Q I had an idea driving home one day and thought you would be the ideal person to tell. With your connections at Caltrans, perhaps you can pass on my suggestion.

Don Lipari

A Today is the day for some wild ideas, and Don is leading off.

Q You've seen bicycle lanes painted along the right side of city streets. Why not create a painted motorcycle lane to the left of the fast lane on freeways? The main purpose of the motorcycle lane would be to provide a safer alternative to splitting lanes. For freeways that have HOV lanes, a dedicated motorcycle lane would be unnecessary.

If your contacts at Caltrans think that there is no room to fit a dedicated motorcycle lane on currently constructed freeways, I propose carving it out of the emergency access lane that is the innermost lane on almost all freeways. If an emergency vehicle ever needed full access to the emergency lane, it would be easy for a motorcyclist to scoot over to the right and let the vehicle pass.

What do you think? Is this a great idea or what?

Don Lipari

A Ah, no. I ran this by Mike-the-Motorcycle-Safety-Man and he says your idea is fraught with peril. It is illegal to drive in the center median unless there is an emergency. What if there is a car stranded in the emergency lane? Would you have time to avoid it?


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Added Mike: "The biggest problem is that his idea of a special lane to the left of the highway would be so different for motorists and motorcyclists that I suspect it would lead to an increase in accidents. In addition, many highways have no room to the left for a special lane -- Highway 17 and Highway 25 come to mind. And almost all freeways have carpool lanes that will become toll lanes."

Next wild idea?

Q While driving to Lake Tahoe, I came up with this idea that may be a little crazy but I believe practical to ease gridlock on our highways, especially for commuters from the Central Valley to Silicon Valley.

We have all seen these trucks that carry cars for dealerships. Why don't trucking companies start a business that would let commuters carry their cars on these trucks from a fixed place in the valley to a fixed location in San Jose? That way when people get off the trucks, they just drive to work and in the evening get back to the Central Valley the same way. That way there will be 10 less cars on the freeway for every one truck. This approach also gives them the flexibility of having their cars at work, in case of emergency or if they have a need to get back home early.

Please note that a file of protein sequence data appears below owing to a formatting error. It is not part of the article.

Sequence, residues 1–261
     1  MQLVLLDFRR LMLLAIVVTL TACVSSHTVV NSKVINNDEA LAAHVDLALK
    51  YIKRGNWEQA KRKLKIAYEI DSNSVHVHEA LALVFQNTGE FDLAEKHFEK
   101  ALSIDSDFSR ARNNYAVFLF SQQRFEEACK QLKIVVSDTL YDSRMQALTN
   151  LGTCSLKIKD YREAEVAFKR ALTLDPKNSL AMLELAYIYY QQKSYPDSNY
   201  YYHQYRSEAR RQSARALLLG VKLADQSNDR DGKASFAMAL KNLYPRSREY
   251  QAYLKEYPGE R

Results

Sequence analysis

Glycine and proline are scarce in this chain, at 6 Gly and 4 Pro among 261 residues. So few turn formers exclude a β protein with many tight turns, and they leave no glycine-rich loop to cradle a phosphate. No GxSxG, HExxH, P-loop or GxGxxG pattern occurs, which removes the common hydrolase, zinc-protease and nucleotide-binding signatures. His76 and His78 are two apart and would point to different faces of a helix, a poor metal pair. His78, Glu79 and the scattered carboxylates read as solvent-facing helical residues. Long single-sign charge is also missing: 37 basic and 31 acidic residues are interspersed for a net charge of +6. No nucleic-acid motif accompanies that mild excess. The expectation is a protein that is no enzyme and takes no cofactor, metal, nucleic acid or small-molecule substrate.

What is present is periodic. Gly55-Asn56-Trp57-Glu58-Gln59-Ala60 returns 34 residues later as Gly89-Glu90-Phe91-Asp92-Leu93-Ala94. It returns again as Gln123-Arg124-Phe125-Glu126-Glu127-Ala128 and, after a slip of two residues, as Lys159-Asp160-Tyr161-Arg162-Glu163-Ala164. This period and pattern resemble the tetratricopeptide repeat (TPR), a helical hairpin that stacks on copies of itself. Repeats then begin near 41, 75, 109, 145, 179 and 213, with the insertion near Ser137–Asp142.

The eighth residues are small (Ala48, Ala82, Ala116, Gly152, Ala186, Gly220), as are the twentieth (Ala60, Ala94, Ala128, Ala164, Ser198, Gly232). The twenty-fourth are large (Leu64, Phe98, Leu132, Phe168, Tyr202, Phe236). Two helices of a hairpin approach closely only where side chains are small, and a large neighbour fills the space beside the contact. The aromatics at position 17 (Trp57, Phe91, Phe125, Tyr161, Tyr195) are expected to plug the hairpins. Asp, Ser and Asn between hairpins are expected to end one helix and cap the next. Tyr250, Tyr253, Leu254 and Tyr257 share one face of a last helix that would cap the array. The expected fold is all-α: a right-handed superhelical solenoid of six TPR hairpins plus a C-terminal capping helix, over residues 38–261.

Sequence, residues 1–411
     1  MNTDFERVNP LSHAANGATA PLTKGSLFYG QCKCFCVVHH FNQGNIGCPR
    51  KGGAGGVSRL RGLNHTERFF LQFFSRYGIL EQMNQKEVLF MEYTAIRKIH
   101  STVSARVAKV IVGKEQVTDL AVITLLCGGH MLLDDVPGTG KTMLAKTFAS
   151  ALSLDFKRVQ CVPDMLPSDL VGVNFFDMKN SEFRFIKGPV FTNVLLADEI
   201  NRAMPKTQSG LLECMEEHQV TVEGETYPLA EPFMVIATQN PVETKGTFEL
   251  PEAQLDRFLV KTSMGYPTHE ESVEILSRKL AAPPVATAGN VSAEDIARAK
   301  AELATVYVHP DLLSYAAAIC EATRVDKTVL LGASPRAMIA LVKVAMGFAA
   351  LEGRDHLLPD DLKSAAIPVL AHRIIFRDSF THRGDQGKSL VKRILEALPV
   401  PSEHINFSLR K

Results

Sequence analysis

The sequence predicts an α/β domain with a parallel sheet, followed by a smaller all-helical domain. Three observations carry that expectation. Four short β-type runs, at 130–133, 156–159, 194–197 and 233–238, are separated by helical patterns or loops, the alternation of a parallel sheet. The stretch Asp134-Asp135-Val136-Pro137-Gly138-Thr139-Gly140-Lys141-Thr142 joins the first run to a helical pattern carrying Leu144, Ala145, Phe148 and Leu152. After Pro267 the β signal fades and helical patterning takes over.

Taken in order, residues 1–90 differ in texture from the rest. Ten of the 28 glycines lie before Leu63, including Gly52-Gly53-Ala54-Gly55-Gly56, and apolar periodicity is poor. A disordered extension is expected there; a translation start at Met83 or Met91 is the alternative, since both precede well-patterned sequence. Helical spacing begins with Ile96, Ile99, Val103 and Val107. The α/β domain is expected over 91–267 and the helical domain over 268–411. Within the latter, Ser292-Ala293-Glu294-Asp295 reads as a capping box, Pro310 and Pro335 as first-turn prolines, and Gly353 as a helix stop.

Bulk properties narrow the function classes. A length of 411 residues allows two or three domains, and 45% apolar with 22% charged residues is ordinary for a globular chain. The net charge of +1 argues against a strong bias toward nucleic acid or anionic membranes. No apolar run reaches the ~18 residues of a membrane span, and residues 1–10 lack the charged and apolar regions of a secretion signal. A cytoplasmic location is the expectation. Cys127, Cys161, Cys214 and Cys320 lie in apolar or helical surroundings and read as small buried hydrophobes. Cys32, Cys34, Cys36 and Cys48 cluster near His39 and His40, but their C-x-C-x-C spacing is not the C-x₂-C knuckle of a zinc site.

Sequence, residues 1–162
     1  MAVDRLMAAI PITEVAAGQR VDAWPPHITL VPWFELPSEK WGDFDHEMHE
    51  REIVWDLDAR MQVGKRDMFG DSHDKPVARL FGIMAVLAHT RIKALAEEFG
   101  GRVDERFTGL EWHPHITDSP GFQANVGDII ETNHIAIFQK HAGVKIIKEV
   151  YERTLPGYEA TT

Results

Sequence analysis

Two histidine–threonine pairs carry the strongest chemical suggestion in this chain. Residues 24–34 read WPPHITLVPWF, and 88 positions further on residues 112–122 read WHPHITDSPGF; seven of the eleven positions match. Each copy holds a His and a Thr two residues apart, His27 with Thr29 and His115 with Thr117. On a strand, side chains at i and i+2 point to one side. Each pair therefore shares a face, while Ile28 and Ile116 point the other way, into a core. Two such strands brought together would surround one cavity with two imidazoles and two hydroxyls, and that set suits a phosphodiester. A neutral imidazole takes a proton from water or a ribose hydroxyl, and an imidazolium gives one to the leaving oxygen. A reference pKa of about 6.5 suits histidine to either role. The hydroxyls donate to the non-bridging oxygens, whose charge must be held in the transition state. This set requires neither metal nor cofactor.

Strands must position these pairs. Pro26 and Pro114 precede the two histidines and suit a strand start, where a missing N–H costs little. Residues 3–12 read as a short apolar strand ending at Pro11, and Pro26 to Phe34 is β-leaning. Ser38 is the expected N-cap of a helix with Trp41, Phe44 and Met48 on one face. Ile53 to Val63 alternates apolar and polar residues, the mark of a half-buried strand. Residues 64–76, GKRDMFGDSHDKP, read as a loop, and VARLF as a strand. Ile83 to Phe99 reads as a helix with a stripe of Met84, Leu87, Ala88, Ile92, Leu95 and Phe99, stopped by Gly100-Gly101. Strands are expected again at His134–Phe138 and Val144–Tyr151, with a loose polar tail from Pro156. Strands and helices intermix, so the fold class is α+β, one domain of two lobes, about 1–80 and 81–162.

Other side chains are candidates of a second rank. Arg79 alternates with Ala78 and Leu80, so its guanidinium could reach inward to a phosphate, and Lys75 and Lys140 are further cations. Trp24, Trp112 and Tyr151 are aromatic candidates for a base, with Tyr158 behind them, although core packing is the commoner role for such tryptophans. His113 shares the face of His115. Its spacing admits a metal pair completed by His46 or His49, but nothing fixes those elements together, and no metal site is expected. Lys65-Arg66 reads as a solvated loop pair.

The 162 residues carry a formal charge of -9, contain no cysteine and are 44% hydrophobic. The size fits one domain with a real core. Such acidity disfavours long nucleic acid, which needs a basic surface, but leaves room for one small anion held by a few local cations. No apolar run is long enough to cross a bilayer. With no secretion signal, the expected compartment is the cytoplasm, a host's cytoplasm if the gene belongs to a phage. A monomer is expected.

Trucking companies can charge a fixed amount monthly and the commuter is going to save money on gas, wear and tear and the stress of driving two to three hours each way.

Do you think this idea will fly?

Ahmed Masood

San Jose

A Ah, no. I tried finding a traffic expert to weigh in on this, and while a couple applauded your creativity, they said it too is fraught with problems. Where would the motorists sit? They can't ride in cars being carried like this. This would increase truck traffic on hilly roads like I-580 and slow down the commute ever more.

Q I have always wondered why one would build a dangerous highway over the Santa Cruz Mountains when once upon a time there was a perfectly good tunnel through the mountains.

A tunnel, you ask? Yes, there once was a San Jose-Santa Cruz railroad which went via Los Gatos through the gorge to Wrights, now at the bottom of Lexington Reservoir, and from there through a mile-long tunnel to Laurel and on to Felton and Santa Cruz.

The 1906 earthquake damaged the tunnel and put an end to the railroad line, based on the book "Earthquake Country" by Robert Iacopi.

Has anybody ever thought of rebuilding that tunnel? Just imagine how many accidents and deaths could have been avoided, had a tunnel been available.

Ulrich Krueger

San Jose

A The tunnel idea gets revisited every decade or so, but there is no serious effort to dig along 17.

Q You may think this is crazy, but I have an idea to free up our freeways: Pass a law outlawing solo driving. If there aren't two people in any car, that car cannot be driven during commute times. What do you think? A brilliant recipe for traffic relief?

Terry Graves

A A brilliant recipe for a bloody revolt.

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